UPDATE: Because of a very busy opening weekend, Mezza Luna will be open through June 7 instead of June 14 as originally planned.
Lourdes Santos didn't grow up on a farm. She hasn't always had a big garden in her life, especially as she traveled the world with her kids and her husband, who is in the military.
As a child, however, she did work with her own mother on a food truck in Puerto Rico. So that's, in part, why she finds herself living on a lavender farm at the edge of Wake and Chatham counties.
"I thought this would be neat to work with my kids and they are actually loving it," she tells me.
Santos will open up her small family farm to the public from May 29 through June 7. At Mezza Luna Lavender Farm, with an Apex address, the public is invited to bring a picnic, take pictures, harvest some lavender, buy some lavender items and take part in activities for kids such as fingernail painting, crafts, cornhole, baseball, bubbles and more. She even has cookies and Mezza Luna lavender ice cream, which is made locally by Fresh ice cream in Raleigh, for sale.
Mezza Luna is definitely a family affair. Santos' daughters, who are homeschooled, help out with the activities for kids. Her son, who attends Cardinal Gibbons High School this year after being homeschooled, helps guide traffic and other logistics.
The family arrived in the Triangle about six years ago. They moved into a nearby neighborhood, but the empty field where the farm is located and the family now lives caught the eye of Santos and her husband.
"I just fell in love with the field," she said. "There was nothing. It was just an open field."
When they lived in Germany, the family had traveled to Provence, famous for its fields of lavender. Santos, whose true love is actually sunflowers, picked the fragrant plant because deer have no interest in it, she said. The next few years involved a steep learning curve and some trial and error, said Santos, who has her doctorate in industrial psychology.
Last spring, she opened up the farm to the public to test the interest and see what happened. In the fall, the family moved into the large white house they built on the property, which will make it easier for them to greet visitors and sell their products. No longer do they have to set up and then pack up tents and other items.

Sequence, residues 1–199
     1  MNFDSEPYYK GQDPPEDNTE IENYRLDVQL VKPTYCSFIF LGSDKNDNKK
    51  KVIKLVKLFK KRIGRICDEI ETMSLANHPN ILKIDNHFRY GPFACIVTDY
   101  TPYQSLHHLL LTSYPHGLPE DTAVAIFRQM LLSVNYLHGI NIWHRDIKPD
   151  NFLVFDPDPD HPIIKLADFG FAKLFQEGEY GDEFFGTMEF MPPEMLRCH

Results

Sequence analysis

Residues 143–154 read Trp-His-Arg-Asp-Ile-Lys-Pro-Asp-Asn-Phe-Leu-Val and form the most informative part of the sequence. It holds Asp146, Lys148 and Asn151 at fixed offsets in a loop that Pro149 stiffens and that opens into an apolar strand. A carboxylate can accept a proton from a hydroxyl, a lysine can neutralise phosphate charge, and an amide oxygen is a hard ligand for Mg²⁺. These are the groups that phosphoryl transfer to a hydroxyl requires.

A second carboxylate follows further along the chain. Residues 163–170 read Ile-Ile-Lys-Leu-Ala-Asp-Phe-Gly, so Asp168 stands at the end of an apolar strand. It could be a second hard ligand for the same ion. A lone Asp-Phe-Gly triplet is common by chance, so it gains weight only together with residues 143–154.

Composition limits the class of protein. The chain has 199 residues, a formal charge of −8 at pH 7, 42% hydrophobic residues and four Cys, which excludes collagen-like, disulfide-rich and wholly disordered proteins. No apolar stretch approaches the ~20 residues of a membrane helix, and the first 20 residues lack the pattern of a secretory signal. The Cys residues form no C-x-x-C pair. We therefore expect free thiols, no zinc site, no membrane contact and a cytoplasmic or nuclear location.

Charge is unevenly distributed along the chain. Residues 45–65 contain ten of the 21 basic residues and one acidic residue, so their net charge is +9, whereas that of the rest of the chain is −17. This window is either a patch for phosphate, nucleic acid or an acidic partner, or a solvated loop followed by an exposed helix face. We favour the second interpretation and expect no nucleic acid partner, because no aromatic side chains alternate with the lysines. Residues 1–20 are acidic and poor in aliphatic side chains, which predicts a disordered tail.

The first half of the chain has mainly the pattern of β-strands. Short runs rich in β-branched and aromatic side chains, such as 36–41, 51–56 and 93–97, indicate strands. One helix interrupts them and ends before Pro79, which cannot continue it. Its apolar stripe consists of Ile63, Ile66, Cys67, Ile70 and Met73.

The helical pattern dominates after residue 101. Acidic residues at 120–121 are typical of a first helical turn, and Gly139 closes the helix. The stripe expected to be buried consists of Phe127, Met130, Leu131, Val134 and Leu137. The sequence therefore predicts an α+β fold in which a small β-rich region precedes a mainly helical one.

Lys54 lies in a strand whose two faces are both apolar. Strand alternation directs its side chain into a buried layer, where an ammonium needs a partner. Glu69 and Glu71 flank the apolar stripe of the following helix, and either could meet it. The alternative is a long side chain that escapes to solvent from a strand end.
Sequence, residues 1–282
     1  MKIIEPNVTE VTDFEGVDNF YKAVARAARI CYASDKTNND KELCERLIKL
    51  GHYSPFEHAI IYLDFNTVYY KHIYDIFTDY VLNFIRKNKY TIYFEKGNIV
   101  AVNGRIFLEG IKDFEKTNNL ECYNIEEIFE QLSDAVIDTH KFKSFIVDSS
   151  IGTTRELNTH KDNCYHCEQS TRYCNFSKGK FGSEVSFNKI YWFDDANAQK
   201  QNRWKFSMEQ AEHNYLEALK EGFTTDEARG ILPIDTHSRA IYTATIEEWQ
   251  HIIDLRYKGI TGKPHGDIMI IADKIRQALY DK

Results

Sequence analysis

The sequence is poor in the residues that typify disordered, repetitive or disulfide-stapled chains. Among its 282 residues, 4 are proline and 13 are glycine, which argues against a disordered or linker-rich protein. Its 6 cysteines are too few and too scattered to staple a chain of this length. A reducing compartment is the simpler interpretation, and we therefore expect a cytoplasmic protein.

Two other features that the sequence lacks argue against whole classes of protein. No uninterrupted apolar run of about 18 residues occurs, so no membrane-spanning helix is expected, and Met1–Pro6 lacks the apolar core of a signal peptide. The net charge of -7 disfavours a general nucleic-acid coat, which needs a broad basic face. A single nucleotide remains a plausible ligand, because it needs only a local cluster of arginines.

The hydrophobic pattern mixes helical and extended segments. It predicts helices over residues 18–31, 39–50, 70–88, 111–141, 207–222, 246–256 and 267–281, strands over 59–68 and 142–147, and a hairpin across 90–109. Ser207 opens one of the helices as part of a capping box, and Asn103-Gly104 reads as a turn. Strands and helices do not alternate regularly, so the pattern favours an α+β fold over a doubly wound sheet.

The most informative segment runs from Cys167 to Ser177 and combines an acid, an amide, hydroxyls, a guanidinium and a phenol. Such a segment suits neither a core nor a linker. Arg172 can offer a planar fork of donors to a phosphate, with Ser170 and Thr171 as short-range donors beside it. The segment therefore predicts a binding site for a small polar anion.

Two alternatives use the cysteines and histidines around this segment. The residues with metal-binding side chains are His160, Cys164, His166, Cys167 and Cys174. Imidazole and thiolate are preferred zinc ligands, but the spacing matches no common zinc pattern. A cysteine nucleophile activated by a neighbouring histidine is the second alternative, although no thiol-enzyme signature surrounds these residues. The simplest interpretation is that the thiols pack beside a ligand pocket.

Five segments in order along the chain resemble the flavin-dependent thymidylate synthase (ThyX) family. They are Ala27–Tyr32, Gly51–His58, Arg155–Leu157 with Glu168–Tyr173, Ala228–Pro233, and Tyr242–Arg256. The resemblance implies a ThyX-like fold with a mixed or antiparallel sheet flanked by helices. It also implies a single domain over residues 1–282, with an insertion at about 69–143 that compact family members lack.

Don't expect a huge swath of lavender when you go. Santos has about 1,500 lavender plants of about a dozen different varieties. Some are deep purple, others are less striking, but more fragrant. Santos can tell you all about the different varieties, pointing out which ones are best for cooking and which ones are best for oils and fragrances.
She also can tell you that she can't make lavender bloom on her schedule. Some plants are ready for picking now. Others will be ready over the next two weeks.
But she's happy to open up her small farm to the public. She envisions families spending a casual few hours here with picnics, lavender picking and activities for kids.
"It's a lot of work," she tells me. But, she said, "it's fun."
Mezza Luna Lavender Farm is open from 9 a.m. to 6 p.m., daily, from May 29 to June 7. You can harvest your own lavender for $10 a bunch or buy a pre-picked batch for $12. She also has lavender soap, sachets, ice cream, cookies and more for sale. It's free to visit the farm, which is at 1850 New Hope Church Rd. in Apex.